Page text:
When a newborn is welcomed into the world, friends and family flock to give gifts to the baby, from clothes to toys and playthings. There is an abundance of brightly-coloured products for babies, but do they really enjoy the colours we think they do, or is it true they prefer black and white?
It has been said that babies can only focus on objects eight to 10 inches in front of their faces, but this is not correct. As an object is placed in front of the baby, the ciliary muscles contract or relax the surface of the lens in the eye so the object can be projected onto the retina clearly. Babies are able to fully focus objects, but they do not have very good control over their ciliary muscles at this young age.
After roughly two months, babies learn how to properly control their ciliary muscles so they can focus objects near and far.
However, babies’ visual acuity (ability to see detail) is why they can’t see particularly clearly. Although all parts of the eye fully intact (excluding the retina), the brain is not yet mature enough to cope with clear vision. As a result, babies see blurry objects.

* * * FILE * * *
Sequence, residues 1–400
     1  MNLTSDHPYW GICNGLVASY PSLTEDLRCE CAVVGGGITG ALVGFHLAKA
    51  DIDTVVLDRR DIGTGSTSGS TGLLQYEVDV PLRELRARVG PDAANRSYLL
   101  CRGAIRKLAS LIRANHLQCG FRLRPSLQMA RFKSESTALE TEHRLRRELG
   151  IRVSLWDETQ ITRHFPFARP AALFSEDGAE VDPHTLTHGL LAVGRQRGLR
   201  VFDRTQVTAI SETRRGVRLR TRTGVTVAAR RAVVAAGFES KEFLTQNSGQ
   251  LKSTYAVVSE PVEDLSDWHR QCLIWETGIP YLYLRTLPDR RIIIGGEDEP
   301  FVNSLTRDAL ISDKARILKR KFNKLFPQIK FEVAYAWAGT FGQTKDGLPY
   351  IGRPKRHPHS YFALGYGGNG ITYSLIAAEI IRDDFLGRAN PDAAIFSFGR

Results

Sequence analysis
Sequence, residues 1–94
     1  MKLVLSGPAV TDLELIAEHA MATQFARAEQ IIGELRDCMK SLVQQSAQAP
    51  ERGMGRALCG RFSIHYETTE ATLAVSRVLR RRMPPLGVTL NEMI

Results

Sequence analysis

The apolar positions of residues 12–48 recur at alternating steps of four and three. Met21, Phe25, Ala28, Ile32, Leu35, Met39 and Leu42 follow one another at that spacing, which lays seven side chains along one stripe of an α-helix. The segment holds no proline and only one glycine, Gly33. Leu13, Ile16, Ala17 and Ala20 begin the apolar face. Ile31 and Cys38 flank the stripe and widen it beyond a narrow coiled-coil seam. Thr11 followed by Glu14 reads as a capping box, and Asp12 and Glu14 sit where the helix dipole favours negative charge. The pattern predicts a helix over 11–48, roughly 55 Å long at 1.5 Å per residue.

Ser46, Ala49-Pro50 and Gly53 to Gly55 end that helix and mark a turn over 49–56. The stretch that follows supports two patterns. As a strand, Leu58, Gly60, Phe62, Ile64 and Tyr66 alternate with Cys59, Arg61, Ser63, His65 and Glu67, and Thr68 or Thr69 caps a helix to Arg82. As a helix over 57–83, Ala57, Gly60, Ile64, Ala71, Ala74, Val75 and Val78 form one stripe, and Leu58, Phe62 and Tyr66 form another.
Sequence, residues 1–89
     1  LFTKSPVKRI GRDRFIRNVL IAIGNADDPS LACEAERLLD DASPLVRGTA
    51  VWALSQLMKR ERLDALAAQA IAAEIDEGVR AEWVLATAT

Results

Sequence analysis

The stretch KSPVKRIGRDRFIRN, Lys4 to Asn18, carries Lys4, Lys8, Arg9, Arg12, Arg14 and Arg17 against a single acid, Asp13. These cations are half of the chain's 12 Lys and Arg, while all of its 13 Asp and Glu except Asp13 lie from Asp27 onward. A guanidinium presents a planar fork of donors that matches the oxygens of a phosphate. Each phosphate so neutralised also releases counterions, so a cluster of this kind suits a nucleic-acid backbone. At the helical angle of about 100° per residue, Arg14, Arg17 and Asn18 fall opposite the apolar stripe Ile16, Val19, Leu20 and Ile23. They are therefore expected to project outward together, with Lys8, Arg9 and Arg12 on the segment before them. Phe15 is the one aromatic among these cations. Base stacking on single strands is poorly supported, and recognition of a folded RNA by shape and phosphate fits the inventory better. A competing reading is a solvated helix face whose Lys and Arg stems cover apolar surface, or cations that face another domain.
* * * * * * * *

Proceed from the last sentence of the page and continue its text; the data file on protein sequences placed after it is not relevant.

Black and white images with the highest possible contrast are stimulating for babies. Large geometric patterns and pictures will help babies engage with what they are looking at. Once again owing to the brain, babies do not have a high sensitivity to colour as receptors and nerves in our eyes that are usually sensitive to colour are not yet fully mature in babies and infants.
Colours can be distinguished from one another so long as the contrast between the two is high enough. At a month old, babies cannot tell the difference between similar colours such as red and orange or blue and aqua. At two months old, babies start to learn the difference between colours of similar shades. Over time, their brains help them recognise different colours and gradients of those colours.
Babies will like black and white and high-contrast colours equally. There was an influx in black and white baby products hitting the shelves a few years ago, and it is true to say that babies will stare at black and white colours more than they will light shades of other colours – however this is because of the high contrast between the two and not the colours themselves.